But occasionally you hit a winning shot. Splat! This successful outcome varies across the times that you try these shots, which reinforces the behavior in the same way gambling behavior is reinforced: the success sometimes happens but not in a regular pattern, so to get more of that success you increase the number of times you perform the behavior.

So all the pro guys try to be spectacular all the time, but none of them have the game style to back it up, save one. Kane Waselenchuk has a spectacular game style, so he can try a bunch of crazy shots and make them work a good percentage of the time. But as the saying goes, "don't try that at home."

In the 2003 US Open final, Derek Robinson hit a ball to the back left corner. Waselenchuk went over to retrieve it, but when he got close to it, it took an unexpected bounce. Most of us mere mortals would have been hooped, or perhaps flailed at the ball in an attempt to hit it off the back wall.

That's not what Waselenchuk did. He threw his left arm up, twisted around, and hit a pinch shot into the front right corner that rolled out flat. It was unbelievable.

But that's the kind of thing that all the pros want to do. Now, when I say "pros" here, I mean "male pros," because the women aren't seduced by power like the men are. That may be a function of them having less power, but nevertheless no man has the same game style as, say, Christie Van Hees, who pounds the ball straight in time after time wearing down her opponents.

But who among you wouldn't want to have Van Hees's success?

Psychology of shot selection

You might partly be going wrong due to the belief that you need to hit a better shot (read: more spectacular shot, read: lower probability shot) to win a rally than is really necessary. This can especially occur as you play more skilled players, because they're hitting more spectacular shots, so you think you need to do that too.

But it's better to win a rally hitting three 80% shots than one 25% shot, because too often you're going to be on the losing end with that 25% shot. Even if someone's retrieved your down the line shot twice, they might not get it the third time. Yet even if they do, the effort in doing so will take its toll over the course of the game and match.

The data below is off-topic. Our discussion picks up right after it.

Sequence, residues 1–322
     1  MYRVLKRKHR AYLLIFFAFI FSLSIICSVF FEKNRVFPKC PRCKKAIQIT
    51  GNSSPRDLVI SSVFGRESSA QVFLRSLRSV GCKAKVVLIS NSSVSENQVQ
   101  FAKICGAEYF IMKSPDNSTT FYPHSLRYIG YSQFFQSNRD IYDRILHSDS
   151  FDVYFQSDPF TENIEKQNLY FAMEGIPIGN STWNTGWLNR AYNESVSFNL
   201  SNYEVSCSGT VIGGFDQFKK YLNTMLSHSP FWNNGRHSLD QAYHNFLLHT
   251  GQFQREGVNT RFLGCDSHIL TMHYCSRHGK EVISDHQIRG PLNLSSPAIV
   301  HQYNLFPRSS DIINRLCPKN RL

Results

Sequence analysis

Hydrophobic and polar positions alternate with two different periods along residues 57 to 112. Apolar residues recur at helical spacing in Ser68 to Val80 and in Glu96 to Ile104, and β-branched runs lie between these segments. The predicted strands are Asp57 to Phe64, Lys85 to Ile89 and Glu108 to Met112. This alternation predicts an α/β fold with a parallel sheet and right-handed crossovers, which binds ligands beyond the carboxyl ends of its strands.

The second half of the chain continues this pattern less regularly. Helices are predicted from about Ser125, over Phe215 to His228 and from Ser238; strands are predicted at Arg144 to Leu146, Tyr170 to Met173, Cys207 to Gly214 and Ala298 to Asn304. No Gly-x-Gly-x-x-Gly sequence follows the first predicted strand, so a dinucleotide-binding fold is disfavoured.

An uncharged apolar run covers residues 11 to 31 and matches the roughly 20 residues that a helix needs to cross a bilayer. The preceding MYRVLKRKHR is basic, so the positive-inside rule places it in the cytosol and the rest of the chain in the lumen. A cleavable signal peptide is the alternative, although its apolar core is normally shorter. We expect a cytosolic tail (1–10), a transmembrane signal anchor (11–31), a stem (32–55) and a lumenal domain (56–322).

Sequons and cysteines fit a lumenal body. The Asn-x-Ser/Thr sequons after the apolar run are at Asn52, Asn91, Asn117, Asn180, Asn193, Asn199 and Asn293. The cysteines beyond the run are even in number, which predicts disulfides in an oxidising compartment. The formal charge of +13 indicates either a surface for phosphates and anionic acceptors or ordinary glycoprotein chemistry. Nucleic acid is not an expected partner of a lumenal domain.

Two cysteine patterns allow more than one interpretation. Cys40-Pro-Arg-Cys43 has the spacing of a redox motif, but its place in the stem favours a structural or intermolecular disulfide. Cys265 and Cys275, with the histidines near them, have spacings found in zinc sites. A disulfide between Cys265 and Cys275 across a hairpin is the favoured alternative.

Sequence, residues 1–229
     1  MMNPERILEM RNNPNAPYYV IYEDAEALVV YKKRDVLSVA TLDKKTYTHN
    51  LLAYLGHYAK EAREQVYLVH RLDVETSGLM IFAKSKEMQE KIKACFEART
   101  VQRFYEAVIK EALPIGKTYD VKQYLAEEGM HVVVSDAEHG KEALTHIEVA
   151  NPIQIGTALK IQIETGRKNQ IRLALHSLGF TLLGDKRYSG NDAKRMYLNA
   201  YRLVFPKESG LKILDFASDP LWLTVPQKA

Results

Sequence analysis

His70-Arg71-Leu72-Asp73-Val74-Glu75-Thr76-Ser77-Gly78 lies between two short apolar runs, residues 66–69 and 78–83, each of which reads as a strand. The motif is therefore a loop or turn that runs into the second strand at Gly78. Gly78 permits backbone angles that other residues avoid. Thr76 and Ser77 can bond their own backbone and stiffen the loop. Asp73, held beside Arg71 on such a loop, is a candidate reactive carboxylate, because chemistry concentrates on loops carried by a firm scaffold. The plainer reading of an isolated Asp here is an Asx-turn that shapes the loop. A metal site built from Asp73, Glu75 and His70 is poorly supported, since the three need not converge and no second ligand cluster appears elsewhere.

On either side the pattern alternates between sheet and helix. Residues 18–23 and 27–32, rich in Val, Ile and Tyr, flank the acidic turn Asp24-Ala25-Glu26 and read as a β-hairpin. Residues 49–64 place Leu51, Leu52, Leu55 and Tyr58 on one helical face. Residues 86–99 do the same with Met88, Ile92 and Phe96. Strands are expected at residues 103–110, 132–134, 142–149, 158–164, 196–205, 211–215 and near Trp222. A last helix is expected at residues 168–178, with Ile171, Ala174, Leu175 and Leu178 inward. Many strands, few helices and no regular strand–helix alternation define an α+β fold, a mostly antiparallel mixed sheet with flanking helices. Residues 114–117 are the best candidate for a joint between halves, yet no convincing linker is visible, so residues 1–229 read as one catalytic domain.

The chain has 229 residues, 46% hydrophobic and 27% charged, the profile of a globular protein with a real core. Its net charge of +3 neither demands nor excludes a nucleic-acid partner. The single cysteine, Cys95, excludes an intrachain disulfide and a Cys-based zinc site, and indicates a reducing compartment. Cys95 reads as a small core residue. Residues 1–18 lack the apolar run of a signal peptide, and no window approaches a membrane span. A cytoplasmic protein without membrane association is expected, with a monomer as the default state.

Thus, patience is required. The best example of that is Rocky Carson, whose game style is to hit a number of loopy shots that put his opponents off balance. He's waiting for his opportunity to hit a high percentage winning shot.

It's a strange strategy, but Carson's successful with it, because it takes advantage of the fact that other racquetball pros aren't patient enough to wait for their opportunity. Similarly, Mannino's strategy of frequent diving to keep the ball in play works because in letting his opponents hit more balls Mannino's often simply giving them more opportunities to make mistakes that he can take advantage of.


You want to play the ball to the back corners, and do so often. Have confidence that this is the right strategy, because who among you wouldn't want your opponent always trying to hit the ball from one of the back corners 38 feet from the front wall?

Follow the bouncing ball....

1 comment:

David said...

Great stuff Evan. I'm going through all of your instruction posts and really enjoying them. I'd like to contact you and perhaps have a chat to get caught up since Paris. I can be reached here
or here